As His children, we can understand the general omission of listing rewards as the motivation for our obedience should not be for reward but as a result of our love for our Father and our deep desire to honor and please Him. The fact of reward and punishment is clear. However, every act of obedience is important in God’s eyes and, as Yehudah HaNasi points out, we should pay as much attention to and endeavor to perform the seemingly less important commandments as well as the weightier ones. Yeshua promises reward for a simple act of giving a cup of water to one who thirsts, “And whoever gives one of these little ones even a cup of cold water…, truly, I say to you, he will by no means lose his reward” (Matt. 10:42).

Calculate the cost of a mitzvah against its reward, and the reward of a sin against its cost.

Rabbi S.R. Hirsch comments, “Good deeds and sins alike carry a two-fold recompense. First, there is the objective reward or punishment; this comes sooner or later…either in this world or in the world to come… The other recompense is spiritual in character and it comes to us immediately; it is inherent in the good deed or in the sin itself.” [2]

Obedience to God’s will can bring tangible reward here on earth; however Yeshua warns unequivocally, “Do not lay up for yourselves treasures on earth, where moth and rust destroy and where thieves break in and steal; but lay up for yourselves treasure in heaven… For where your treasure is there your heart will be also! …You cannot serve God and mammon” (Matt.6:19-24). If our time, thoughts and energy are chiefly directed toward the pleasurable rewards to be found in this world, that is where our hearts will be drawn. We will be serving the “master” of the lusts and cares of this life rather than serving the Master in Whom is eternal life.

The immediate spiritual recompense referred to by Rabbi Hirsch is intangible and occurs whether we are aware of it or not. There is a constant flow of interaction between one’s mind, body and spirit. Our thoughts and the actions we perform have an instantaneous effect on our spirit. Little children are very sensitive to and aware of the pleasure in doing something that pleases Mom and Dad, and also feel deep remorse when they do something they know, or discover, is wrong and that upsets them! Similarly, as we learn the will of our Father in Heaven and do what we know pleases Him, there is a building up of the spirit, a moral strengthening and a pleasure in drawing closer to His Presence. Conversely, the result of any evil or disobedient act carries a sense of loss in one’s spirit, a weakening of moral fiber, as it were, that leaves one more susceptible to additional sin. There also is a painful realization of further separation from God. A high cost indeed.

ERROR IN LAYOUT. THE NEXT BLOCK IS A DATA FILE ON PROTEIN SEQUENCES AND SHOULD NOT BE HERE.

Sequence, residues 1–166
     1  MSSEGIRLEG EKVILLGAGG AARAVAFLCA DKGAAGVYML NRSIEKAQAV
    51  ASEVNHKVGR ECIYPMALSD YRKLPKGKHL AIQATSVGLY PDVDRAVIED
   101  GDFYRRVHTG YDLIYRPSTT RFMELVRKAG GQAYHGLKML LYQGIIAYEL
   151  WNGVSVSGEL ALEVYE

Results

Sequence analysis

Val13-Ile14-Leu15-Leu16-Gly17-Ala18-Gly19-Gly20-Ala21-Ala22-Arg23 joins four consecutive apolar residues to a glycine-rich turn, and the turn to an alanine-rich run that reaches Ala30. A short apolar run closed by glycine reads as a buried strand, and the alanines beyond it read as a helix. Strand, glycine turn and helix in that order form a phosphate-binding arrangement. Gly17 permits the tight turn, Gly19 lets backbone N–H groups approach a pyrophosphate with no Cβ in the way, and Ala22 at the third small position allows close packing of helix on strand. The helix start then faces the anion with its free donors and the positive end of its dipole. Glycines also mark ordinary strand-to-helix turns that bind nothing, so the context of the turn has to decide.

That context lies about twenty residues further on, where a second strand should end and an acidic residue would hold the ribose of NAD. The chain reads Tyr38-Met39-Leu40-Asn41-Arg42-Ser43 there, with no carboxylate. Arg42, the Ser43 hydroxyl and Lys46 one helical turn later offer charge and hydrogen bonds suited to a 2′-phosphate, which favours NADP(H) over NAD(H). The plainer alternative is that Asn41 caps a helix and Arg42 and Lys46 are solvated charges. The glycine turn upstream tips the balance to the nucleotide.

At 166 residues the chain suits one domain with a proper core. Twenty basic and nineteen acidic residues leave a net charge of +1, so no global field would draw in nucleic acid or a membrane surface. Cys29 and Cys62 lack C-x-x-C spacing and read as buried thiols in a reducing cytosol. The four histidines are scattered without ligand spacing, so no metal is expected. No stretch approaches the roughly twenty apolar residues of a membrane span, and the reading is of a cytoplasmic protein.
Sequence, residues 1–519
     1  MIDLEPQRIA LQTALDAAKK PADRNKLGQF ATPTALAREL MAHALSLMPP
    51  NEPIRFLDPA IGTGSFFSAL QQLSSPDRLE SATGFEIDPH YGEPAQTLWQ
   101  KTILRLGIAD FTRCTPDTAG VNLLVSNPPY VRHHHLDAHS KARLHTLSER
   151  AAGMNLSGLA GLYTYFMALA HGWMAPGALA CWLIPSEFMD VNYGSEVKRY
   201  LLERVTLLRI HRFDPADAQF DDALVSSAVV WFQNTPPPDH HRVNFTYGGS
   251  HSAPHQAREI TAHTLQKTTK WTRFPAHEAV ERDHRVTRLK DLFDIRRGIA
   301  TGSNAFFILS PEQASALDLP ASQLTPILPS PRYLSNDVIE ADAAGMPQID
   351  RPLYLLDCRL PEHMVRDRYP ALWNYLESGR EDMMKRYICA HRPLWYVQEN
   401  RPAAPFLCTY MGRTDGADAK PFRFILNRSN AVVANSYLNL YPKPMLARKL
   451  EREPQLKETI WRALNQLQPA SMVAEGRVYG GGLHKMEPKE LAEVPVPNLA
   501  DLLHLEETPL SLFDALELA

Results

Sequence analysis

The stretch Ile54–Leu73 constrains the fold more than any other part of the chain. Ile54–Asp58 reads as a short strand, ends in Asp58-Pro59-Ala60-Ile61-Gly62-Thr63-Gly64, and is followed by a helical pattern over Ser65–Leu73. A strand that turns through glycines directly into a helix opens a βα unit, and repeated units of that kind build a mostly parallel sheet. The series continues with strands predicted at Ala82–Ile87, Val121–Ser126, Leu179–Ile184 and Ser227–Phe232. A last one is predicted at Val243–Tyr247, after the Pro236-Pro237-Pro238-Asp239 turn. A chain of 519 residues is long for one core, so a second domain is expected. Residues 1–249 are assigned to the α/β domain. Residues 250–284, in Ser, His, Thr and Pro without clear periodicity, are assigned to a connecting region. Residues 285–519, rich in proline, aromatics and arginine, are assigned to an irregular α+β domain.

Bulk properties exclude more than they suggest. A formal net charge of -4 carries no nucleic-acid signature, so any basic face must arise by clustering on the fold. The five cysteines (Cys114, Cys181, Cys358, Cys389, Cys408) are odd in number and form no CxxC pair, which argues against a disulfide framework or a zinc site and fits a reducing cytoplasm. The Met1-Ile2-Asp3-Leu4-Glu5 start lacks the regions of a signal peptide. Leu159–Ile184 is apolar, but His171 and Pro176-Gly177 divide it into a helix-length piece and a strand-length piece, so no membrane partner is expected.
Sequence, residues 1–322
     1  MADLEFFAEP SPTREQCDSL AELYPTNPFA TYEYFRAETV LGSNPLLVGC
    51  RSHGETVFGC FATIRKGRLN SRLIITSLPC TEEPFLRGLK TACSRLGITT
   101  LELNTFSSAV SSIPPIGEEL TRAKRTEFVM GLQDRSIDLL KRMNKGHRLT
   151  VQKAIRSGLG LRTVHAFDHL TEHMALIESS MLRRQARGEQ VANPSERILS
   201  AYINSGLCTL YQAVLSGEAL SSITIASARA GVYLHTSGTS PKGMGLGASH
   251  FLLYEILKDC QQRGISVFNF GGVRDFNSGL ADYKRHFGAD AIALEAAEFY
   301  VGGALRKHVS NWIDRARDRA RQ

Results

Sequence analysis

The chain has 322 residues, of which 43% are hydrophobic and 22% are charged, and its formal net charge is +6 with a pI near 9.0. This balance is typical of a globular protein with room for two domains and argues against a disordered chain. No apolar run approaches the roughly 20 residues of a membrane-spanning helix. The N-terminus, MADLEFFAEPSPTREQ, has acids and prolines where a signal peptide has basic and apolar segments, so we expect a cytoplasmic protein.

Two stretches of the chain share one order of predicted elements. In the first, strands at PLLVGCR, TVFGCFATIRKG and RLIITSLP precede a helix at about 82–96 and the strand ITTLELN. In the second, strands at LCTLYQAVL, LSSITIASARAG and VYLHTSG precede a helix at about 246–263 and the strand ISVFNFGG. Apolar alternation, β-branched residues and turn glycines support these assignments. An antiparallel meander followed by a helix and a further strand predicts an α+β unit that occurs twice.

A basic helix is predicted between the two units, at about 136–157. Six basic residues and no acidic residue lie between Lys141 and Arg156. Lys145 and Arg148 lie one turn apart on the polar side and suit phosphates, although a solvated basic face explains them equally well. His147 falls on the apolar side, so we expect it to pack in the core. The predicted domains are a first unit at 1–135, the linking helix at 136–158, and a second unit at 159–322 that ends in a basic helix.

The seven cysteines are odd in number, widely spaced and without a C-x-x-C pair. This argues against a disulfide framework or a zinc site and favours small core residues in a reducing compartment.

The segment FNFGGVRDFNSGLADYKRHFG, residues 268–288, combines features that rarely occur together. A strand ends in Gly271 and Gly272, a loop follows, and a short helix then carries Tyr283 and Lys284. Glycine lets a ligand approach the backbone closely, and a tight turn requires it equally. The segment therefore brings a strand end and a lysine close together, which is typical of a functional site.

Consider three things and you will not come into the grip of sin:
Know what is above you – a watchful Eye, an attentive Ear and
all your deeds are recorded in a Book.

The hold of sin can slowly but surely become a very tight grip on one’s life. The wise Rabbi, Yehudah HaNasi, advises awareness of three realities that will help to escape and avoid the grasp of sin. When we know with full assurance that our God is the Creator of Heaven and Earth, and that our lives are in His hands, we can always remember that His “seeing Eye” and “hearing Ear” are constantly watching and listening – because He loves us. When we are committed to living in faithful obedience to His will, this knowledge affords us joy and great peace of mind. Even when obedience requires sacrifice and is difficult we derive a reward of spirit and the satisfaction of a duty done. We can rest in knowing that, more than our outward deeds, our perfectly loving Father sees our hearts and hears our cries…and these also are recorded in His Book of Life.
ENDNOTES:

1. Artscroll Mesorah Series, The Pirkei Avos Treasury; 60
2. S.R. Hirsch, Chapters of the Fathers; 20